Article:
Sunday, October 2, 2011

Family Medicine: The Differential Diagnosis

How do Family Physicians analyze patient complaints?  Traditionally, the Chief Complaint (CC) is the driving force in the patient's and doctors minds.  The physician will listen to and expand the patient's story to develop a differential diagnosis, a list of possible causes of the CC.

I like to start with a four component acronym to cover four types of possible causes for the CC:  SPIT, which stands for Serious, Probable, Interesting and Treatable.

What is Serious (potentially causing loss of life, limb or a significant life function) that could cause the CC?
What is Probable (given the patient's life situation, age, gender, work, exposures, etc.) that could cause the CC?
What is Interesting (unique or novel from the physician perspective or the patients theory of causation- very important if they have a theory about the cause) that might cause the CC?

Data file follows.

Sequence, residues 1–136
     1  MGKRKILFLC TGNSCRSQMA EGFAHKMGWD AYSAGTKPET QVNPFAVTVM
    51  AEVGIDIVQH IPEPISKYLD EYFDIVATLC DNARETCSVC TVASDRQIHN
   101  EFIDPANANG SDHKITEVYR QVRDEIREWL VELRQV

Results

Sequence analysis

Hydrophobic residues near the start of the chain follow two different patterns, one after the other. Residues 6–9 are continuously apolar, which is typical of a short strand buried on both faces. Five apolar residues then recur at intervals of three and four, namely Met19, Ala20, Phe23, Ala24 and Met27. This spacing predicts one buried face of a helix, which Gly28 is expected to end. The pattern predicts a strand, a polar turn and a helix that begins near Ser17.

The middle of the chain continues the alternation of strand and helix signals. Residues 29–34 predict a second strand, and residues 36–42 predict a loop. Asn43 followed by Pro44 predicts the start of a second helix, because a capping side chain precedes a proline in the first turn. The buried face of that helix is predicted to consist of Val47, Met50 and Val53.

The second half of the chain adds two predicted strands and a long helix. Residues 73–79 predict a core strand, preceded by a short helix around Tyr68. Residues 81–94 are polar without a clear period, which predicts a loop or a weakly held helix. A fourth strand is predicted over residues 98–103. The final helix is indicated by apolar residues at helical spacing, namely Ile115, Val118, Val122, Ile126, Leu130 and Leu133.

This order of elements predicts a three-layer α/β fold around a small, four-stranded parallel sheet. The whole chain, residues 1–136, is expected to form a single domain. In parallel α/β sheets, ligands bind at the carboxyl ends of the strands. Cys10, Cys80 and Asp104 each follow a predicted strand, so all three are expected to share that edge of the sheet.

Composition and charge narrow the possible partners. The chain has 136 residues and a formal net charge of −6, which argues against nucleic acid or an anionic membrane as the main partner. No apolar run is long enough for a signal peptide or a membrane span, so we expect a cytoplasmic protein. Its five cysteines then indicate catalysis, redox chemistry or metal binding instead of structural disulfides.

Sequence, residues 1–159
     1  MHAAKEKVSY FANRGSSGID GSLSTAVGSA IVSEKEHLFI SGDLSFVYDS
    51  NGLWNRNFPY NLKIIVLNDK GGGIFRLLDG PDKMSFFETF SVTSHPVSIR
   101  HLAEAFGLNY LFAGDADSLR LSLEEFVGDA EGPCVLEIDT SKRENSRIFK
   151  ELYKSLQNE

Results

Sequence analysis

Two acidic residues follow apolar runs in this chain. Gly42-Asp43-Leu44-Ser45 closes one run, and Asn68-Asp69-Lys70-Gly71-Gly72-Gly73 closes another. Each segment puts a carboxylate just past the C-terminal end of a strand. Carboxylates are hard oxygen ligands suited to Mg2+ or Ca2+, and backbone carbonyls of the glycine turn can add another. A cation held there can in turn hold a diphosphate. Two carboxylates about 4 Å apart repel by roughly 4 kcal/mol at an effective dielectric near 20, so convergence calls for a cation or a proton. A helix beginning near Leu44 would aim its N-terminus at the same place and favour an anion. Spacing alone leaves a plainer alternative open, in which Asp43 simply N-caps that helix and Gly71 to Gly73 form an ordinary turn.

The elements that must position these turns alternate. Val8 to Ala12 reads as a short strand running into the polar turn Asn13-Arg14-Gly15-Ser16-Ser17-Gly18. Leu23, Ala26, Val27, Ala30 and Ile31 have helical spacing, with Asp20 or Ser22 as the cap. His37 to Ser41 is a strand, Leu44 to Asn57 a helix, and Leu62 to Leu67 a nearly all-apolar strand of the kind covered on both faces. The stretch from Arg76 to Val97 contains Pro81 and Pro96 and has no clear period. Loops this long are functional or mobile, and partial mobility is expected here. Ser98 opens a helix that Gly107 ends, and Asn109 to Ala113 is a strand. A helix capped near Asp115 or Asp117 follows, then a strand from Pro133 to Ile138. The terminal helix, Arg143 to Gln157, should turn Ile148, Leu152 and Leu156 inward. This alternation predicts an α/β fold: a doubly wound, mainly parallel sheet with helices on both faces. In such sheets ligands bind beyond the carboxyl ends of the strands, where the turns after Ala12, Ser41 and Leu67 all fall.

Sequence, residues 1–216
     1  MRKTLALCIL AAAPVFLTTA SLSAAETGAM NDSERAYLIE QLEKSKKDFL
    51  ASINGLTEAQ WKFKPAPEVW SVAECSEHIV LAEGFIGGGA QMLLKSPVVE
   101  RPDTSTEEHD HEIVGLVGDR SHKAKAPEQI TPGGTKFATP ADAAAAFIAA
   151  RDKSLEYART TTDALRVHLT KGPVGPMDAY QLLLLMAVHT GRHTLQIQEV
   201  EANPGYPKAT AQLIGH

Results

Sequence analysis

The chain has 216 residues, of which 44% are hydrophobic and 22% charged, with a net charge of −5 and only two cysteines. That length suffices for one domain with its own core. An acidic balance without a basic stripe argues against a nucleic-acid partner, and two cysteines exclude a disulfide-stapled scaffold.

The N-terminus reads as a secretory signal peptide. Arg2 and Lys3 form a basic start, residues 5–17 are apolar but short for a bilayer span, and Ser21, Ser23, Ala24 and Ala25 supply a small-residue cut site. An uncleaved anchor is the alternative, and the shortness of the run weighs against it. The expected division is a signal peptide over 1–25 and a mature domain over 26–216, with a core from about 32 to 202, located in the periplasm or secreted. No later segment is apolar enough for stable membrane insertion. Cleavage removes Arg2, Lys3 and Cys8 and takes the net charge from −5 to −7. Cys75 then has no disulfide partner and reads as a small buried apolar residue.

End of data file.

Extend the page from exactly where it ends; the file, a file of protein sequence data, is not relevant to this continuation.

What is Treatable (responsive to a known therapy) that might cause the CC?

How does this fit into the Human Centered Health Home (HCHH) that I've promoted in this blog?  Here's an expanded explanation from a post in November of 2010:   Using SPIT in the HCHH

From the simple SPIT Acronym, the thinking may get more focused before expanding again as the physical exam is performed to further clarify possible causes of the patient's CC and lead to revision of the SPIT list.  Many other mental models and decision aids are used by Family Physicians from time to time as they engage a wide variety of patients.

How do you like to think about causes of symptoms, illness and disease?


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